West Suffolk (UK Parliament constituency)
for the House of Commons
Boundary of West Suffolk in Suffolk.
Location of Suffolk within England.
|Electorate||76,158 (December 2010)|
|Major settlements||Newmarket, Haverhill and Mildenhall|
|Member of parliament||Matthew Hancock (Conservative)|
|Number of members||One|
|Created from||Central Suffolk|
|Number of members||Two|
|Type of constituency||County constituency|
|Replaced by||Bury St Edmunds
(also succeeded itself)
North-Western or 'Stowmarket' Division
South or 'Sudbury' Division
|European Parliament constituency||East of England|
The seat saw a relatively long first existence under the Reform Act 1832 merely as a more representative division (with a total of four MPs) instead of two for the former entire county at large, which still allowed for double voting (or more) of those Forty Shilling Freeholders who also were householders or landlords of any particular boroughs within the county. This Act retained the four largest boroughs of the seven before 1832.
With two heirs to their title serving the seat were the Marquesses of Bristol, the Hervey family, major landowners in the county and the modern seat, at Ickworth, part of its grand house now being a luxury hotel.
Equally sweeping changes took place at the end of this period with the Redistribution of Seats Act 1885 which here saw the establishment of three single-member constituencies covering much of the former half-county by widening the narrow and underpopulated dual-member seat of Bury St Edmunds: the other two seats being named the North-Western or 'Stowmarket' Division and the South or 'Sudbury' Division.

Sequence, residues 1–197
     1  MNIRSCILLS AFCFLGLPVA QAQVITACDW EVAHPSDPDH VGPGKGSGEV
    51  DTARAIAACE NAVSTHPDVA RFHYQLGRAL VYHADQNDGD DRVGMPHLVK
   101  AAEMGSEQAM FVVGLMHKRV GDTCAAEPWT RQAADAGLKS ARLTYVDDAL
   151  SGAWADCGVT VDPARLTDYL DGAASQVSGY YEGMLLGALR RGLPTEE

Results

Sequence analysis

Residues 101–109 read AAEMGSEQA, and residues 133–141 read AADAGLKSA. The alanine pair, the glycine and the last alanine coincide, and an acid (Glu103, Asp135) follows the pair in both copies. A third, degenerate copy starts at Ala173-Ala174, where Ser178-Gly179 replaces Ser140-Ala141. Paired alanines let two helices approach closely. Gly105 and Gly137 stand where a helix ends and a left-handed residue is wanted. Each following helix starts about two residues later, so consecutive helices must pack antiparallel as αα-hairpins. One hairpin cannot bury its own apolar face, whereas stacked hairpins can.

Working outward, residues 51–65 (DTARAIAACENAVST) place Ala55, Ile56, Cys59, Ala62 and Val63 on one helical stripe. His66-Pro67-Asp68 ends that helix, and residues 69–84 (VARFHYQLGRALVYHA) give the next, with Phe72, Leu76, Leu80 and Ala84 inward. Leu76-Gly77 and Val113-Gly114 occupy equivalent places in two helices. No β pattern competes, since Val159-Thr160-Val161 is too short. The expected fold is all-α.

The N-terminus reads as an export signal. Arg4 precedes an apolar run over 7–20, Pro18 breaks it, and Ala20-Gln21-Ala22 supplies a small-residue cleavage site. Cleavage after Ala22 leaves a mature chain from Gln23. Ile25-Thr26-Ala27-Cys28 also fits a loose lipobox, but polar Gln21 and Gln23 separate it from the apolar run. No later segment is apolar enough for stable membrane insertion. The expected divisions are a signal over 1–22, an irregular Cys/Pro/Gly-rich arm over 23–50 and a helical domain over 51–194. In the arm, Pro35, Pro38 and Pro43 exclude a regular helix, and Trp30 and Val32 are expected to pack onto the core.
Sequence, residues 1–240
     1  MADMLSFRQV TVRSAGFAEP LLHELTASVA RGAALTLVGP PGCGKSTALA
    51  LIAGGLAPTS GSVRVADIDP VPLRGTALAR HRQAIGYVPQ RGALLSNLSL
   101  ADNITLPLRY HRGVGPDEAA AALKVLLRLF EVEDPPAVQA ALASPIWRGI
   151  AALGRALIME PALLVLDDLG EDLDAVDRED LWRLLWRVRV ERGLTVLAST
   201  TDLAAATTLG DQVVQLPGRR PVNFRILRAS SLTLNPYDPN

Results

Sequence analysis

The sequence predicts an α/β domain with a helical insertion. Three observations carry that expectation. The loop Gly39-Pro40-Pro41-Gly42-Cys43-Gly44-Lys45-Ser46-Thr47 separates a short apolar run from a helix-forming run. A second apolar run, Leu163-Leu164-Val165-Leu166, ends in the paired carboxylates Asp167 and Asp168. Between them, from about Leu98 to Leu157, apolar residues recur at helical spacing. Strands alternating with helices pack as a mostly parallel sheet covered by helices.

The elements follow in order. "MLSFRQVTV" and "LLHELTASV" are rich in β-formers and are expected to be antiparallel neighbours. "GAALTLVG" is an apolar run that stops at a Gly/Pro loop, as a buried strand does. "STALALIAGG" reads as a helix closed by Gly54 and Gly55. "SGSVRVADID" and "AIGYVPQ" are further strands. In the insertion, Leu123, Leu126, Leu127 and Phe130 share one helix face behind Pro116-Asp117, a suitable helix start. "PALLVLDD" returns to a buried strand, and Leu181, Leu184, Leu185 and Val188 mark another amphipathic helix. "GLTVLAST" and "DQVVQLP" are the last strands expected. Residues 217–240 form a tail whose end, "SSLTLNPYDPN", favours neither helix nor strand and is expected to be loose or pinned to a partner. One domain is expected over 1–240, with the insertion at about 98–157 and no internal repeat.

Its second creation occurred with Parliamentary approval of the Boundary Commission's third periodic review in time for the 1997 election (the first such review having been in 1945, following the Representation of the People Act 1918 review).
- Political history
The seat in this time has only been represented by Conservatives with the narrowest majority having been that of 1997 at only 3.8% of the vote, since which the majority has gradually increased to a level seen most commonly in safe seats.
- Prominent frontbenchers
Richard Spring[n 3] was an opposition spokesman for Foreign Affairs (2000-2004) (shadowing a Foreign and Commonwealth Office Minister) then Shadow Minister for the Treasury (2004-2005) before being a Vice-Chairman of his party and being elevated to the House of Lords as Lord Risby. Several of his ancestors had previously represented Suffolk in the House of Commons.
1997-2010: The District of Forest Heath, and the Borough of St Edmundsbury wards of Barningham, Barrow, Cangle, Castle, Chalkstone, Chevington, Clements, Honington, Horringer, Hundon, Ixworth, Kedington, Risby, St Mary’s and Helions, Stanton, Wickhambrook, and Withersfield.
2010-present: The District of Forest Heath (the wards of All Saints, Brandon East, Brandon West, Eriswell and The Rows, Exning, Great Heath, Iceni, Lakenheath, Manor, Market, Red Lodge, St Mary’s, Severals, and South), and the Borough of St Edmundsbury wards of Bardwell, Barningham, Barrow, Chedburgh, Haverhill East, Haverhill North, Haverhill South, Haverhill West, Hundon, Ixworth, Kedington, Risby, Stanton, Wickhambrook, and Withersfield.
The constituency includes the town of Newmarket, the world headquarters of horse racing as well as the towns of Haverhill and Mildenhall with a farmed landscape, interspersed with patches of forest[n 4] and small villages.